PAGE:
Forth and Tay, North East, Moray Firth, North Coast.
West coast
Solway, Clyde, Argyll, Outer Hebrides, West Highlands, Hebrides Shelf, North Scotland Shelf.
Off the shelf
Hatton, Bailey, Rockall, Faroe-Shetland Channel.
Northern Islands
Orkney Islands, Shetland Isles.
North Sea Shelf
Long Forties, Fladen and Moray Firth Offshore, East Shetland Shelf, North and West Shetland Shelf.


Windfarm, copyright Colin Moffat
One of the FeAST Activity Categories is ‘Energy production & associated infrastructure’ which includes the Activity ‘Wind turbine energy production’. This was assessed as part of the activities/pressures procedure. 


Stage 2: Identify, scope and rank pressures

Five groups of experts, from the MASTS community, were convened for the purposes of the assessment exercise under the leadership of an expert with specific knowledge relating to one of the five geographic groupings (Table C). They were provided with a range of information including:

  • the outcomes from Stage 1.
  • a table, prepared by the Habitats and Species Assessment Group, presenting a list of the FeAST pressures that had the most impact for the habitats and species being assessed in SMA 2020.
  • a blank prioritisation table (presented with an example) that contained clearly defined criteria (columns 1 - 6), to help rank pressures (see Table D).  A list of pressures and their definitions can be found on the FeAST web site
Table D: Table (example) provided to the expert groups as part of the pre-workshop stage of the assessment.
Main ecosystem components affected
Loss/mortality or Injury/Disturbance
Area within SMR
Ecosystem component exposure
Temporal frequency
Underwater noise
Cetacean and seals
A & C
Physical change (to another seabed type)
Benthic habitats
Sub-surface abrasion/penetration:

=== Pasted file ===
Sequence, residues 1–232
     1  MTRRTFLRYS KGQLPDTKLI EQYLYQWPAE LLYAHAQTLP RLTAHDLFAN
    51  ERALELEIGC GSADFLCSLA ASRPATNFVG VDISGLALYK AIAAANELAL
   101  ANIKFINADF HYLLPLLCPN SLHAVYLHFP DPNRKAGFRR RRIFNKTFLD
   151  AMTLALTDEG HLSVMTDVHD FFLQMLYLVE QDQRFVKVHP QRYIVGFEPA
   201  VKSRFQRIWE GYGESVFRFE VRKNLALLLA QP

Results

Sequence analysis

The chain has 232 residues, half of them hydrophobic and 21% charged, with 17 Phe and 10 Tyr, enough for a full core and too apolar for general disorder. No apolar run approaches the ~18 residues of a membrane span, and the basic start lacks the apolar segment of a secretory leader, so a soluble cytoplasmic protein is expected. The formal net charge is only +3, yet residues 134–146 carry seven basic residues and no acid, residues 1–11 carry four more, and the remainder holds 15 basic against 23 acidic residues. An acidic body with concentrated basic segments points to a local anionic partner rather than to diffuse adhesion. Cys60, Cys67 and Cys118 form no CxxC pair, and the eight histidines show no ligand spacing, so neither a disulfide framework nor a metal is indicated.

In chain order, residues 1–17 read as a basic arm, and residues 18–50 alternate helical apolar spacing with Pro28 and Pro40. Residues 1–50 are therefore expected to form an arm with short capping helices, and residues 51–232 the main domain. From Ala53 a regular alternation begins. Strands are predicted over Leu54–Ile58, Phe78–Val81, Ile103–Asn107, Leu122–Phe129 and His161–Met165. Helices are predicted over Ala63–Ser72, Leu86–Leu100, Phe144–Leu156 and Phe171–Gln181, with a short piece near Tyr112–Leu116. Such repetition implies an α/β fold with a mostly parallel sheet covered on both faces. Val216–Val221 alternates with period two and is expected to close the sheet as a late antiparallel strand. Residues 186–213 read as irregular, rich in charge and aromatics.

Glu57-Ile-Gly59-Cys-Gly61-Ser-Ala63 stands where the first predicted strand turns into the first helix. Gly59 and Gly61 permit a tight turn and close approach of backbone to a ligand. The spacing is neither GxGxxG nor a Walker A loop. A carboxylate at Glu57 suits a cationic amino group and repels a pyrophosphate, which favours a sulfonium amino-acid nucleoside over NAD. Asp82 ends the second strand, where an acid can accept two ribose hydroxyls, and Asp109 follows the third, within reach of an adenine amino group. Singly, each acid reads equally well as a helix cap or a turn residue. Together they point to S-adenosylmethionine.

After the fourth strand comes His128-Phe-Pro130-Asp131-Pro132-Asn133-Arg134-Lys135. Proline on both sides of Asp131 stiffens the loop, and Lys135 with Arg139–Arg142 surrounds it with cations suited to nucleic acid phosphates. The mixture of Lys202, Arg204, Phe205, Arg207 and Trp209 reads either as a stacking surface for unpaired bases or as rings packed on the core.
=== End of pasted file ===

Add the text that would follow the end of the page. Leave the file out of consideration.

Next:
Benthic habitats
Column (1) whether the pressure results in:
  • Permanent loss (e.g. habitat loss) / mortality (Lo)
  • Disturbance (to ecosystem function/behaviour)/injury (Di)
Column (2) whether the pressure was:
  • Widespread (W) within the SMR (the footprint occurs over the majority of the SMR)
  • Localised but Widespread (Loc-W) (a localised pressure but occurs in many parts of the SMR)
  • Localised to one or two areas (Loc)
  • Absent (Abs)
Column (3) the extent to which the main ecosystem component is exposed:
  • All (All)
  • Most (Mos)
  • Partial (Par)
  • Minimal (Min)
Column (4) its temporal frequency within the designated 5 year time frame:
  • Persistent (P)
  • Infrequent (between 1-5 occurrences per reporting period) (I)
  • Rare (less than 1 occurrence) (R)
Column (5) the intensity of the pressure exerted on the habitat/ecosystem feature when it is present:
  • High (H)
  • Moderate (M)
  • Low (L)
Column (6) whether the pressure is immediate or rapidly developing, and is limited (perhaps to a single event) in duration:
  • Acute (A)
  • Chronic (C)
  • Unknown (U)
Where a pressure relates to more than one category (depending on context), then all applicable categories should be noted.